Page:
[...] men came and prayed that he would heal their kinsmen or their friends whose lives were in peril through hurt or wound, or who lay under the Black Shadow. And Aragorn arose and went out, and he sent for the sons of Elrond, and together they laboured far into the night. [...] And when he could labour no more, he cast his cloak about him, and slipped out of the City, and went to his tent just ere dawn and slept for a little.

  • Temperance from which comes restraint, honor, justice. Faramir treats Frodo fairly, and later by extent Gollum too, as he swears he's no orc spy but their guide. When lecturing Sam, after the Ithilien ambush:

    'Patience!' said Faramir, but without anger. 'Do not speak before your master, whose wit is greater than yours. And I do not need any to teach me of our peril. Even so, I spare a brief time, in order to judge justly in a hard matter. Were I as hasty as you, I might have slain you long ago.'

  • Diligence, which gives persistence, fortitude. Examples are plenty, although the most striking one is the pursuit by Aragorn, Legolas and Gimli of the two captured hobbits.

  • Chastity. Sexuality is never really tackled in Tolkien's work. However, Aragorn is promised Arwen since he was young, relatively speaking, if he's deemed worthy by Elrond, and for all we know, Aragorn may have very well waited this long for his love.

As to the difference with other Catholic branches, such as Anglicism or Protestantism, can be mainly viewed with the Pope's authority.

Gandalf, well-known magician in most part of the world, can be compared to an archbishop. After his death, although successfully defeating the Balrog in Moria, he becomes the Pope: head of the White Council by Ilúvatar's decree. Everyone listens to his advice, those who don't usually get somewhat of a bad fortune (Boromir and Denethor come first into mind). Like in historical events, he even crowns Aragorn king.


There are many fantastic answers on this page but there are a number of other connections that have not been made yet.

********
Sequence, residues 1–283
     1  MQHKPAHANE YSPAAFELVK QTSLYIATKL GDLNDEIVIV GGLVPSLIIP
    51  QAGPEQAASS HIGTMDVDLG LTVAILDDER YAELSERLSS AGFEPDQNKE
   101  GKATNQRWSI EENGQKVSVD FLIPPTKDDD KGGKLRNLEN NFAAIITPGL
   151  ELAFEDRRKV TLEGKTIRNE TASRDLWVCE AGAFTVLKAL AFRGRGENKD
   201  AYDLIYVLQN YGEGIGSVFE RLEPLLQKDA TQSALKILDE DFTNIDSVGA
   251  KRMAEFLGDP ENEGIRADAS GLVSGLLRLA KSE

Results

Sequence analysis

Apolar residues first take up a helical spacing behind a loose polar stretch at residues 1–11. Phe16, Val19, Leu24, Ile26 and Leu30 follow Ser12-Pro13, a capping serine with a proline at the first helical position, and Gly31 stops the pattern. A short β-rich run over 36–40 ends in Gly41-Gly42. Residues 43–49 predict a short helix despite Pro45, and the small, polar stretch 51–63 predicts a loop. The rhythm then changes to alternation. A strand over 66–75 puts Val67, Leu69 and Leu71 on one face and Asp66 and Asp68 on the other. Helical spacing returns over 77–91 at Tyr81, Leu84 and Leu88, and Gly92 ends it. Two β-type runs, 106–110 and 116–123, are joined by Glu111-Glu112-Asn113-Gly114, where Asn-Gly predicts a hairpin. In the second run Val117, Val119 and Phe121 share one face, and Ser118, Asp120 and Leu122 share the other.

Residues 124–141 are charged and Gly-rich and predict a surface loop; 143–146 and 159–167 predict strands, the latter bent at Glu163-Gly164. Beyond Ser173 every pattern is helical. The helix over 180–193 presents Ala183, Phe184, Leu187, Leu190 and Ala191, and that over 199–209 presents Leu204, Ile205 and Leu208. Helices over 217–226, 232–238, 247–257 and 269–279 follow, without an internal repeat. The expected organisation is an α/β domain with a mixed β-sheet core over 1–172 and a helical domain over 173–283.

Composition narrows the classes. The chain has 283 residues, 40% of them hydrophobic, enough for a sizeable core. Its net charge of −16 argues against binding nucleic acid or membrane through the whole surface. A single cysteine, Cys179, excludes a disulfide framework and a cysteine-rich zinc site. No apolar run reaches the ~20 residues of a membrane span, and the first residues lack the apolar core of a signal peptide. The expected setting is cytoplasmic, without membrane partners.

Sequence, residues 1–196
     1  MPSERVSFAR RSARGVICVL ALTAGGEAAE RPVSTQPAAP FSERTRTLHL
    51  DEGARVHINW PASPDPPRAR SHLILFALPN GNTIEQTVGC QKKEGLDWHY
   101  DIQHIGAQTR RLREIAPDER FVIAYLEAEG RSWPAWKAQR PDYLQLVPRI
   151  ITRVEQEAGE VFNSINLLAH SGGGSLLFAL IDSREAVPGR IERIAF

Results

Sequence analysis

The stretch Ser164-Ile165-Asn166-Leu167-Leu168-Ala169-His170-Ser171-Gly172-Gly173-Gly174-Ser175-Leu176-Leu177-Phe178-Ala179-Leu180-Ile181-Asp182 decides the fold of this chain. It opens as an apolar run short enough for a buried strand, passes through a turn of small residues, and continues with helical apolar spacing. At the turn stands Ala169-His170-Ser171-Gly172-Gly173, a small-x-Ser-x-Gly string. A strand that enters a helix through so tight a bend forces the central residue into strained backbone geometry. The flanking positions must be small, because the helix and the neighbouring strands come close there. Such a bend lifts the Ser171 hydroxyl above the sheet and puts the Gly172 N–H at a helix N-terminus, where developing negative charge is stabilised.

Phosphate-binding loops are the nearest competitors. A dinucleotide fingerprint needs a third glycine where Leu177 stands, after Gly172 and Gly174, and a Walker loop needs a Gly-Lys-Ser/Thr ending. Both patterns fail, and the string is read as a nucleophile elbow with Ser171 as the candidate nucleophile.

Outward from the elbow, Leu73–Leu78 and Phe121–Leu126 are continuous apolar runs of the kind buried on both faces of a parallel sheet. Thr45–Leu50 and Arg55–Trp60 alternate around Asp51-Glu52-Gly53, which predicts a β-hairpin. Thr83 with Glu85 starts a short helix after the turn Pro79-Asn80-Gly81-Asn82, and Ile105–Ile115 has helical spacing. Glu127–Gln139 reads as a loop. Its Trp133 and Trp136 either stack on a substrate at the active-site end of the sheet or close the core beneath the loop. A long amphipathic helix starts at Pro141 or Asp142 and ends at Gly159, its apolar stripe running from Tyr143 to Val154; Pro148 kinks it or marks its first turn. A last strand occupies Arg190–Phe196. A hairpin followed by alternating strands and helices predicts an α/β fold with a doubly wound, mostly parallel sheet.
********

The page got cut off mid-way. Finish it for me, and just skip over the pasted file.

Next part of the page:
Aragorn: The Return of the King

Speaking less about the title and more about the plot point within The Lord of the Rings, the concept of the return of a Great King to his decadent (or at the very least, ill-prepared) people is very central to Catholicism in the following ways.

  • One can liken the return of the King as Jesus Christ returning to claim His Kingdom, i.e., the entirety of Creation at the end of the world. Catholics believe that Jesus Christ descended from a line of kings as well. In fact, certain devotions to Christ refer to him as the Infant King (in reference to His Nativity, Christmas). This runs in parallel to the return of Aragorn to Gondor at the end of the Third Age. He comes back to claim his kingdom but also to fight the final battle against Sauron, thus ending the Third Age.

Frodo: Ring-Bearer

  • Frodo holds a parallel to Christ as well in that he is bearing a burden he should never have had to bear. The ring was not created by Frodo, nor was Frodo responsible for the majority of the evil caused by the ring or its creator. Despite his innocence, Frodo agrees to bear the ring to its destruction, sacrificing himself for the need of others (specifically, all of Middle-earth). Catholics believe that Jesus Christ is God and Man. Being God, Catholics believe that Christ was/is sinless. Christ died to repay the debt of sin that had been caused by the fallen nature of humanity. Here we see a parallel to Catholicism in that Frodo sacrificially bears the responsibility for the destruction of evil that he did not cause as Christ paid the debt of sin He did not owe.

The Ring

The ring itself is an interesting parallel to temptation. One might look at the process by which a sin is committed and see some parallels to the process by which the ring attempts to take hold of its bearer. For example:

  • The Ring calls to its bearer to use it. A particular sin or bad habit may "call" to a person to commit it. This is called "temptation" in Catholicism. A person might see the candy bar in a store and desire to steal it. The desire might be analogous to the ring calling to its bearer.

It is important to remember too that Tolkien hated the concept of treating Lord of the Rings as a metaphor (for anything). Hence, if you begin to apply these parallels too rigidly, you will ultimately find "mistakes". For example: